Virgin Group founder Sir Richard Branson and Virgin Voyages president and CEO Tom McAlpin were lowered onstage by a 200-foot crane to announce their new cruising concept. // © 2017 Virgin Voyages
Feature image (above): The three vessels Virgin has on order will be known as the “Lady Ships,” reflecting the company’s British heritage. // © 2017 Virgin Voyages
In late October in Genoa, Italy, Virgin Voyages unveiled its adults-only cruising concept and provided an initial look at the features of its first ship during a keel-laying ceremony for the vessel.
Virgin Group founder Sir Richard Branson and Virgin Voyages president and CEO Tom McAlpin hosted a “ship tease” after descending onstage in a basket lowered by a 200-foot crane. Branson described it as a big day for the new line, adding that Virgin is committed to having the happiest crew at sea as well as delivering an irresistible "sailor” experience to guests 18 and older with its Adult By Design concept. (In the Virgin lexicon, passengers are called “sailors,” and all employees, including executives, are termed “crew,” while travel agents are "first mates.”)
McAlpin, who previously served as president and CEO of The World, a privately owned residential yacht, and president of Disney Cruises, is not the only cruise veteran coming into Virgin Voyages. Diana Block, who held key roles in revenue management, deployment and newbuild projects for 19 years at Royal Caribbean Cruises Ltd., has taken the position of vice president of pricing and proposition.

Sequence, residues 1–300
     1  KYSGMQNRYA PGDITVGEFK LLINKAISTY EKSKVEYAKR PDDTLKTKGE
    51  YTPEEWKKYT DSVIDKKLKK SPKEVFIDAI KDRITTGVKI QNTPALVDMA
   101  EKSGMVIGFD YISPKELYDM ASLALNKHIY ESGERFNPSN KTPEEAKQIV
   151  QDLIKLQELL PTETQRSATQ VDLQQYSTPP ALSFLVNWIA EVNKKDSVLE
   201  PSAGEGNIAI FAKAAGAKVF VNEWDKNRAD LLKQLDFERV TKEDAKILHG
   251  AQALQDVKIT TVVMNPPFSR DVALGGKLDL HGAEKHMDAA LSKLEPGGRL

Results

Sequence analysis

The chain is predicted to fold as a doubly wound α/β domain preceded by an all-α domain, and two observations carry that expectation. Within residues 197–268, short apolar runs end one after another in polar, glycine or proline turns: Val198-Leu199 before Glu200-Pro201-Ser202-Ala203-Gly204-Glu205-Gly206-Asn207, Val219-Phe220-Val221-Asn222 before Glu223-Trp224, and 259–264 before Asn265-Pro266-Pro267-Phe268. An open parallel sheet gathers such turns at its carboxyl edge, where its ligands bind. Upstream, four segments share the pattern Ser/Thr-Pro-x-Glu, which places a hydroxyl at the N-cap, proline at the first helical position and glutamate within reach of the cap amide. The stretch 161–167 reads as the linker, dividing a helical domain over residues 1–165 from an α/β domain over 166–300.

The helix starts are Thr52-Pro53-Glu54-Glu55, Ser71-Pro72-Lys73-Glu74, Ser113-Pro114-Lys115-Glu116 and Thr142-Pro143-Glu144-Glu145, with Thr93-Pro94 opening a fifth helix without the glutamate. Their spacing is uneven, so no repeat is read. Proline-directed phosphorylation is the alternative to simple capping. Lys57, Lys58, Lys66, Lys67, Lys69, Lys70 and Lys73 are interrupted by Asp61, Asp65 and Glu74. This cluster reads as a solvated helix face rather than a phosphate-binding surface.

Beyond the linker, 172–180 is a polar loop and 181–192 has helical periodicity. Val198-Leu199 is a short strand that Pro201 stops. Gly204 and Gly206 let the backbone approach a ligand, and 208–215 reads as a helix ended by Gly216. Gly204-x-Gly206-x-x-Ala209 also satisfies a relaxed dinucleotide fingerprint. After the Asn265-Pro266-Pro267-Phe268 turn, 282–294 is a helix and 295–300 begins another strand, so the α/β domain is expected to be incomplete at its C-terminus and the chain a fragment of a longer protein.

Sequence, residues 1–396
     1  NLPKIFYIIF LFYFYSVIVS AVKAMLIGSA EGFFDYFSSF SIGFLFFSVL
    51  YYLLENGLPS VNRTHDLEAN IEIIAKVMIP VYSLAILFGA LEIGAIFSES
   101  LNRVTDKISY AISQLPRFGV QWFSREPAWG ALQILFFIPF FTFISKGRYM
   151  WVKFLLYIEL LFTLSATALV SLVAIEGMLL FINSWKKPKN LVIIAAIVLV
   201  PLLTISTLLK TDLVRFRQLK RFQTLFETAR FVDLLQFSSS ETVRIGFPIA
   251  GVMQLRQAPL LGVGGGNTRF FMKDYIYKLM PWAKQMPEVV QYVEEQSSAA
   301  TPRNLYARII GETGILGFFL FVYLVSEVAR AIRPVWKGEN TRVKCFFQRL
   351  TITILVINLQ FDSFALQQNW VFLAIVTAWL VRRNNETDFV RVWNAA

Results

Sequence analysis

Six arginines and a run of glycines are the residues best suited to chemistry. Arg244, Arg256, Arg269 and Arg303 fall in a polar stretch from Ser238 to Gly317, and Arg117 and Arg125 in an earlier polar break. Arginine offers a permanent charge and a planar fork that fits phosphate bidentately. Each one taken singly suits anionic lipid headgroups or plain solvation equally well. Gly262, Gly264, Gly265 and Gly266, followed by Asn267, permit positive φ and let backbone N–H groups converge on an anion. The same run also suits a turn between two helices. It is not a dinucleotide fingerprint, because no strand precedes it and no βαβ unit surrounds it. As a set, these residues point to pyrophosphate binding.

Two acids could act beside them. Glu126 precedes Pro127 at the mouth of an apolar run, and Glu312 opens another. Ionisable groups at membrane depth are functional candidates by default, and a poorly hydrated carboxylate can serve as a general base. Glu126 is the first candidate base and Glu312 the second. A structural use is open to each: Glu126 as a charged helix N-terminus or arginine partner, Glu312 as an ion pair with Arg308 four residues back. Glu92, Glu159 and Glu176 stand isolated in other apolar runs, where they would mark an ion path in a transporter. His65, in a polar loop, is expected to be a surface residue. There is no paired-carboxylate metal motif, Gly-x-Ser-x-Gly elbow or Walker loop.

Virgin Voyages has three vessels on order that will be known as “Lady Ships,” a name that reflects the company’s British heritage. Each will carry 2,800 passengers and 1,150 crew, and the vessels are being built at an estimated cost of $710 million each. The first will debut in 2020.
“The entire ship will be built with an attention to detail, reflecting the craftsmanship and materiality inspired by super yachts,” said McAlpin at the celebration. “Virgin Voyages is creating a sophisticated ship and a transformational experience that offers our sailors a place where rejuvenating day life meets exciting nightlife and everything in between.”
Executives also displayed the ship’s livery, which features a silvery hull; a mermaid icon by artist Toby Tinsley that was inspired by figureheads on historic ships; and a signature “Virgin red” funnel.
The company is currently accepting refundable $500 deposits for the choice of any available accommodations on any cruise, once bookings are open.
Virgin Voyages is positioning itself with its 18-plus adults-only concept, as well as underlining its commitment to the environment through a partnership with Scanship to explore new technology that turns waste into energy.
“They’re placing their clientele right under Viking’s age demographic, with the same all-inclusive, 18-and-over policy,” said Vicky Garcia, chief operating officer of Cruise Planners. “With Viking, it’s not so noticeable, because the older group isn’t expected to bring youngsters along.”
Garcia thinks Virgin is actually aiming for 30 to 55 year olds who have disposable income and who are interested in something hip, playful and informal, she says. Garcia also notes that Virgin executives consulted with travel agents about the best length for its first cruises; she advised no shorter than six to eight days.
And Garcia will be among the first to see the ship.
“I’m not waiting for an invitation; I already put my deposit down,” she said.